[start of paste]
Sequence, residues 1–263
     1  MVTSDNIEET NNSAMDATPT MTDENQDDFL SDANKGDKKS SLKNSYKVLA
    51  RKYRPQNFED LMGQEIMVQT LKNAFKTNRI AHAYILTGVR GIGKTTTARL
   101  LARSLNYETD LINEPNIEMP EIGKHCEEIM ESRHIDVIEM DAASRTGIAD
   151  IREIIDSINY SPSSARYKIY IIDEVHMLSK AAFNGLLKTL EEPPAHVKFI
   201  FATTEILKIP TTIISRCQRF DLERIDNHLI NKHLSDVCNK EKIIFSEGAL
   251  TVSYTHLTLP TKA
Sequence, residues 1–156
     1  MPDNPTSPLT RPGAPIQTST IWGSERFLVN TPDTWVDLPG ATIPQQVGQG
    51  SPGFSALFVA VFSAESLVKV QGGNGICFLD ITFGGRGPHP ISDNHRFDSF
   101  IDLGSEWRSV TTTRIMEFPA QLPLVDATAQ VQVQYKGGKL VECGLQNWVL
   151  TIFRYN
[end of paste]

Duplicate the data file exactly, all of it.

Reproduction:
Sequence, residues 1–263
     1  MVTSDNIEET NNSAMDATPT MTDENQDDFL SDANKGDKKS SLKNSYKVLA
    51  RKYRPQNFED LMGQEIMVQT LKNAFKTNRI AHAYILTGVR GIGKTTTARL
   101  LARSLNYETD LINEPNIEMP EIGKHCEEIM ESRHIDVIEM DAASRTGIAD
   151  IREIIDSINY SPSSARYKIY IIDEVHMLSK AAFNGLLKTL EEPPAHVKFI
   201  FATTEILKIP TTIISRCQRF DLERIDNHLI NKHLSDVCNK EKIIFSEGAL
   251  TVSYTHLTLP TKA
Sequence, residues 1–156
     1  MPDNPTSPLT RPGAPIQTST IWGSERFLVN TPDTWVDLPG ATIPQQVGQG
    51  SPGFSALFVA VFSAESLVKV QGGNGICFLD ITFGGRGPHP ISDNHRFDSF
   101  IDLGSEWRSV TTTRIMEFPA QLPLVDATAQ VQVQYKGGKL VECGLQNWVL
   151  TIFRYN